Higher Order Metaphysics – HT 2017

6.00 Thursdays at The Ertegun House

The aim of this reading group is to familiarise participants with the technical apparatus of higher-order logic, and discuss recent philosophical research which applies higher-order logic to issues in metaphysics and philosophical logic. Some of the issues we will discuss include: the ‘primitivist’ interpretation of higher-order logic, absolute generality, the individuation of propositions, properties and relations, Frege’s Puzzle, truth, and modality. No familiarity with the issues will be presupposed: the articles to be discussed in the first two weeks are accessible introductions to the core technical material, and later articles accessibly introduce further resources when required.

[Week 1] Background: Gallin’s Type Theory & The Interpretation of Higher-Order Logic

Timothy Williamson – Modal Logic as Metaphysics, Chapter 5: From First-Order to Higher-Order Modal Logic

Abstract: First-order logic permits quantification into name position. Second-order logic permits quantification into predicate or sentence position too. Higher-order logic takes the generalization even further. The growth of higher-order modal logic is traced, starting with Lewis and Langford’s quantification into sentence position in propositional modal logic, and on to the higher-order modal logics of Barcan Marcus, Carnap, Montague, Gallin, and others. Higher-order modal logic is proposed as a suitably general setting in which to assess fundamental issues in modal metaphysics. However, there are difficulties in interpreting higher-order quantification, since it lacks adequate paraphrases in natural language. Although Boolos’s paraphrase of quantification into monadic predicate position in terms of plural quantification works well in non- modal settings, for many purposes it is unsuitable in modal settings since plurals are modally rigid. Nevertheless, we can hope to reach a suitable understanding of irreducibly higher-order quantification by the direct method, without paraphrase.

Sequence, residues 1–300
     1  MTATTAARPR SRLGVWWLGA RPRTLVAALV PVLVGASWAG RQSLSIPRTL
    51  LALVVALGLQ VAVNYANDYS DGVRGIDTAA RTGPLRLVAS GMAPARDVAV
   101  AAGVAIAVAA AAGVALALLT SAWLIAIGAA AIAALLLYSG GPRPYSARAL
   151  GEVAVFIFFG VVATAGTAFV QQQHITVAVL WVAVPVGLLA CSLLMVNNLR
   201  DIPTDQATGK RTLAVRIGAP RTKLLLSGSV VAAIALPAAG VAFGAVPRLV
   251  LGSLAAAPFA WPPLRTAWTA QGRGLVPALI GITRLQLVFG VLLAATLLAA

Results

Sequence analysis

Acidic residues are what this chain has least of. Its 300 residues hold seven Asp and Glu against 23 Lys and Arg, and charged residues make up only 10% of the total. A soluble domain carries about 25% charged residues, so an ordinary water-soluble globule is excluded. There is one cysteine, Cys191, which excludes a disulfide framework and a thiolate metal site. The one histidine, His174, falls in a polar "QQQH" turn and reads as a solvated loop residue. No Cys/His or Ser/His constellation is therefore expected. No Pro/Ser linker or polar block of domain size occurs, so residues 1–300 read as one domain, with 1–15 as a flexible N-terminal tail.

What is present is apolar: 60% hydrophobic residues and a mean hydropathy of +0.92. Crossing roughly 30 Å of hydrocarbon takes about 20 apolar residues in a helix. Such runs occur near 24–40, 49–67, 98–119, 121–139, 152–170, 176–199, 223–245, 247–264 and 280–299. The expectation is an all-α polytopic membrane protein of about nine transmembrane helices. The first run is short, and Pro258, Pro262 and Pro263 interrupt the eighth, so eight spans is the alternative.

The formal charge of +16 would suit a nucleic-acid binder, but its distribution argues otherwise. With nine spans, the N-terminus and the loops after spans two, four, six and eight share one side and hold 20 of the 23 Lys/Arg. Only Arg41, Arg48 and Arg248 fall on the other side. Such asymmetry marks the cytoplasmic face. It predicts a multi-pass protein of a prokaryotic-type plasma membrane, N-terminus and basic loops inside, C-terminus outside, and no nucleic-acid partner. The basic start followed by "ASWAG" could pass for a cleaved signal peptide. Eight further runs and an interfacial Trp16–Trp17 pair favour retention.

[Week 2] Type Theory & Absolute Generality

Agustin Rayo – Beyond Plurals (in Rayo & Uzquiano Absolute Generality)

Abstract: I have two main objectives. The first is to get a better understanding of what is at issue between friends and foes of higher-order quantification, and of what it would mean to extend a Boolos-style treatment of second-order quantification to third- and higher-order quantification. The second objective is to argue that in the presence of absolutely general quantification, proper semantic theorizing is essentially unstable: it is impossible to provide a suitably general semantics for a given language in a language of the same logical type. I claim that this leads to a trilemma: one must choose between giving up absolutely general quantification, settling for the view that adequate semantic theorizing about certain languages is essentially beyond our reach, and countenancing an open-ended hierarchy of languages of ever ascending logical type. I conclude by suggesting that the hierarchy may be the least unattractive of the options on the table.